Use of maternal care in a rural area of Zimbabwe: A population-based study

Odile A. Van den Heuvel, Wouter G. De Mey, Henk Buddingh, Michiel L. Bots

Research output: Contribution to journalArticleAcademicpeer-review

32 Citations (Scopus)


Purpose. Our aim was to determine the coverage of antenatal and delivery care and the determinants of non-compliance in a rural area of Zimbabwe in order to improve the quality and efficiency of maternal health care services. Methods. A community-based, cross-sectional study was carried out in the catchment area of Gutu Mission Hospital, in rural Zimbabwe, from January to June 1996. Two hundred and thirty-five women, aged 16 to 54 years, who had delivered a child in the past three years were interviewed on general characteristics (age, marital status, religion, education, work), obstetric history, use of family planning, pregnancy complications, number of antenatal visits, and use of maternity waiting shelters. Associations of these factors to non-use of antenatal care facilities and hospital delivery were studied. In the Gutu district, guidelines exist to identify women at high risk of complications during pregnancy and to indicate where women should give birth (hospital, rural clinic or at home). We evaluated which factors were important for non-compliance to these guidelines. The analyses were performed using a logistic regression model. Results. Ninety-seven percent of the pregnant women attended the antenatal care facilities at least once. Seventy-three percent came at least five times or more. Belonging to certain religious groups proved to be the strongest explanatory factor for not attending antenatal care facilities. Use of maternity waiting shelters and complications during the pregnancy were important factors for hospital delivery, whereas unemployment and being without a husband were associated with deliveries outside the hospital. Identification as high risk of a complicated pregnancy by application of the existing guidelines was not associated with place of delivery. Delivery at a location that did not conform to the existing guidelines was associated with non-use of maternity waiting shelters, unemployment or being without a husband and use of traditional care. Conclusions. Our study showed a high attendance rate at antenatal care facilities in the Gutu District. By analyzing determinants of non-use of antenatal care facilities, of hospital delivery and of inappropriate location of delivery according to local guidelines, we identified certain risk factors which are suitable for modification and may help to improve antenatal and perinatal care in the Gutu District in Zimbabwe.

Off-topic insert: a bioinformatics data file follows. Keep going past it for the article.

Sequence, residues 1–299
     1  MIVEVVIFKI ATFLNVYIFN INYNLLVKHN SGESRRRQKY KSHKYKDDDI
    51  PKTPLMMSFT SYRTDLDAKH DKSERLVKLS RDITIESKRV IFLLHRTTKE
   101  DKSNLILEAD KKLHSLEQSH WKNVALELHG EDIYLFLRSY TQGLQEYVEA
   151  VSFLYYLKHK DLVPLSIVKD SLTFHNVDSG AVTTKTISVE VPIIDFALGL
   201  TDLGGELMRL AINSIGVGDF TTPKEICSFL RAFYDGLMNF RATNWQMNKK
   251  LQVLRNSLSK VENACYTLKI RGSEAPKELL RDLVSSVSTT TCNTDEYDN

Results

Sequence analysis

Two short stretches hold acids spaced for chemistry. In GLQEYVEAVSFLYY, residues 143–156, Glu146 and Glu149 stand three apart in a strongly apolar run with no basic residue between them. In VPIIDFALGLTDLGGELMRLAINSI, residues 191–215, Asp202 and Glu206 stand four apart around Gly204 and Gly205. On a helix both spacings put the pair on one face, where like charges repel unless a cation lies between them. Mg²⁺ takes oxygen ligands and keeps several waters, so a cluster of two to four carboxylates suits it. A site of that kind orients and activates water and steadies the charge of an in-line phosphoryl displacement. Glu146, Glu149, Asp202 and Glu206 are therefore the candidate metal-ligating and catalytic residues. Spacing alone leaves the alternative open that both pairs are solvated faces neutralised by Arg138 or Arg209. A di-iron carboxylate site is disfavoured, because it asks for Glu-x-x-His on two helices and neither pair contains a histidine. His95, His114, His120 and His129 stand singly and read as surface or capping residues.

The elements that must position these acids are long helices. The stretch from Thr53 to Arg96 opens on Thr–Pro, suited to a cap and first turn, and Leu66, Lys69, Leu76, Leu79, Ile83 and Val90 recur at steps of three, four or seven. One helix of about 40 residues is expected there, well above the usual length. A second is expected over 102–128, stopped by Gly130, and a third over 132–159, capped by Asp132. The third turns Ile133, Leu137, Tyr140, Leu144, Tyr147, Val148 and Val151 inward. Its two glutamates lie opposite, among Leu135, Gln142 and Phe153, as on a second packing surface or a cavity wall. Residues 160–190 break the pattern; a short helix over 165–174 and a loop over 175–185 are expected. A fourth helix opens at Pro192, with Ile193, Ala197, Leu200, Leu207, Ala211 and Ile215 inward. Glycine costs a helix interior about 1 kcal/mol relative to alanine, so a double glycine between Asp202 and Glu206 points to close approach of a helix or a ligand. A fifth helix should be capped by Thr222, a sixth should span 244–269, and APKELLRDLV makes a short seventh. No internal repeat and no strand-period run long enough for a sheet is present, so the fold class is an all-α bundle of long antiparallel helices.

Original languageEnglish
Pages (from-to)838-846
Number of pages9
JournalActa obstetricia et gynecologica Scandinavica
Issue number10
Publication statusPublished - 30 Nov 1999


  • Antenatal care
  • Delivery care
  • Determinants

Cite this